Sexual Harassment and Sexual Assault in the Workplace: Is this Something New?

Author:McKay-Panos, Linda
 
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There has been a great deal of attention in the media lately about allegations of sexual assault and sexual harassment in the workplace. The current "#MeToo Movement" was thought to have started after public accusations of sexual misconduct by former American film producer Harvey Weinstein. The hashtag #MeToo actually developed from the term "Me Too" coined by American civil rights activist, Tarana Burke, who had used the term since 2006 to raise awareness about sexual abuse and sexual assault in. In October 2017, when after allegations were made against Harvey Weinstein, actress Alyssa Milano encouraged social media users to tweet #MeToo (or its equivalent in other languages) widely in order to raise awareness about the prevalence of sexual harassment and sexual assault.

The #MeToo Movement in the United States has been followed by allegations against public figures in many countries, including Canada. For example, Michel Brule, a mayoral candidate for Plateau-Mont-Royal, Quebec, dropped out of an election due to several allegations of sexual abuse made by women. In January 2018, allegations of sexual misconduct ended the tenure of Progressive Conservative leaders in Ontario and Nova Scotia. This was followed by Federal Minister Kent Hehr's resignation from the Federal Cabinet amid allegations of sexual harassment that had occurred during his time in office in Alberta's provincial legislature. All of the current attention in media and social media is focused on public figures who are accused of sexual harassment and/or sexual assault and not on every day figures.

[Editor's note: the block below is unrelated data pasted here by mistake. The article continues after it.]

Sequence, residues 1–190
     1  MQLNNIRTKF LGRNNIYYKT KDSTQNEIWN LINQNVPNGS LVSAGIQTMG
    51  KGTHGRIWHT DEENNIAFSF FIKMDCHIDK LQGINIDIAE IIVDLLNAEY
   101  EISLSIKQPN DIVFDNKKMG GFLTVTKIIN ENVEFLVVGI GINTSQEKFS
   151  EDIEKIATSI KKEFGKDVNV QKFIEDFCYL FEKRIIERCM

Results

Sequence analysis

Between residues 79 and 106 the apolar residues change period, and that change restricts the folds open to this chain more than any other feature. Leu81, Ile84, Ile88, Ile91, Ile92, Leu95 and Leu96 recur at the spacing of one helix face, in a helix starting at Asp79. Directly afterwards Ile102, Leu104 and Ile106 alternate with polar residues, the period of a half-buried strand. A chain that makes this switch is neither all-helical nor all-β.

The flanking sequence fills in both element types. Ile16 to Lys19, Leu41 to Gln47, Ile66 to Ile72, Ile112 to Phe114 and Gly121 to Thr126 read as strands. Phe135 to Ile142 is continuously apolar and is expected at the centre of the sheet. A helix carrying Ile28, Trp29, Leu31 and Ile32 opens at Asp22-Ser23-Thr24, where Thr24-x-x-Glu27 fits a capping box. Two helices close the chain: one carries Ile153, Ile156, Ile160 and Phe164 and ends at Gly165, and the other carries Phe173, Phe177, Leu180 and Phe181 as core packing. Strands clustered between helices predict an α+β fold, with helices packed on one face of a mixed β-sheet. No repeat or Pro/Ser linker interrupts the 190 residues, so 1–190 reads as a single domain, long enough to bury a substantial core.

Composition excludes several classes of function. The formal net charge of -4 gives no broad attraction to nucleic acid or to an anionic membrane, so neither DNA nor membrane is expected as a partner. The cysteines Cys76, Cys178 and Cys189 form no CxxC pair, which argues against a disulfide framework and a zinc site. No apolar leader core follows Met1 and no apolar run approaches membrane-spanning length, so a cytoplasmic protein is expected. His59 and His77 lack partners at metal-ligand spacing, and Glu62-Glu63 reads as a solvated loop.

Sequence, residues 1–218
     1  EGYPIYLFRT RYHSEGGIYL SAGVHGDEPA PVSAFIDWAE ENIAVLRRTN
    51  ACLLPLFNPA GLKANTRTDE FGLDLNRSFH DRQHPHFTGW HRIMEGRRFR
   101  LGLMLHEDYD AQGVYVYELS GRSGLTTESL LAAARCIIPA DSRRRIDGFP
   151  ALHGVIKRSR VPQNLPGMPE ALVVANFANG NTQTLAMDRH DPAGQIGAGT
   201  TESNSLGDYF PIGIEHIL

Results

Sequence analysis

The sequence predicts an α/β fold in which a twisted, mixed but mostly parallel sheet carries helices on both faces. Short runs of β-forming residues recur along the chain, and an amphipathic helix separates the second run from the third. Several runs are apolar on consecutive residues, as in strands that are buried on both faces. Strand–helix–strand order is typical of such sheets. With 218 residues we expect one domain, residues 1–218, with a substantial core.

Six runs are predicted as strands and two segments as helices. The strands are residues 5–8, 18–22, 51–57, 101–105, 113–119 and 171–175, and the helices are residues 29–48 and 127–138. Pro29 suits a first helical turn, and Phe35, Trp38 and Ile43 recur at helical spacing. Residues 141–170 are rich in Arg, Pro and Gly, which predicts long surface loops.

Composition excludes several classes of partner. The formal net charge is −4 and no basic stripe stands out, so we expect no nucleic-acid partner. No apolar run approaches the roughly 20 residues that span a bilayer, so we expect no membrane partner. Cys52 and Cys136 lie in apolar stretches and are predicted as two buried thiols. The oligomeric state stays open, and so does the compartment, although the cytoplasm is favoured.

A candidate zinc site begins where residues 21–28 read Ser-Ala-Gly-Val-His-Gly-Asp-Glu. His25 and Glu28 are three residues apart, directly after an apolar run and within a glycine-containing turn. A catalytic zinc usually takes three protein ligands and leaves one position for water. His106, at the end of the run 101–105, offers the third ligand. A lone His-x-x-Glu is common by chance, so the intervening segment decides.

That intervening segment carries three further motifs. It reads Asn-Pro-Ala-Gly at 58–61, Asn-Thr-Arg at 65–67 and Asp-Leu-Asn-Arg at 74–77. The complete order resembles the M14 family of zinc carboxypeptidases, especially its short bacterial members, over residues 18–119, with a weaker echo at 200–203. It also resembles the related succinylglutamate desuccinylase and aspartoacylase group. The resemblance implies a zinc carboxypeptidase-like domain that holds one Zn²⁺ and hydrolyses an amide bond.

Are sexual harassment and sexual assault in the workplace a new phenomena? Hardly. These are not just experienced in public life or in Hollywood. They occur in all workplaces. Sexual harassment was first legally recognized as a form of gender (sex) discrimination under human rights law in the Supreme Court of Canada decision of Janzen v Platy Enterprises Ltd., [1989] 1 SCR 1252. Further, sexual assault (or a similar offence) has been a crime since Canada incorporated British law into our own Criminal Code in 1892 (Criminal Code, SC 1892, c29). This is not to say that the crime of sexual assault has not needed to be amended to reflect feminist and other concerns. For example, in the 1980s, the offence of "rape" (a man having sexual intercourse with a woman who was not his wife) was changed significantly to the broader "sexual assault", and no longer excluded males or wives as...

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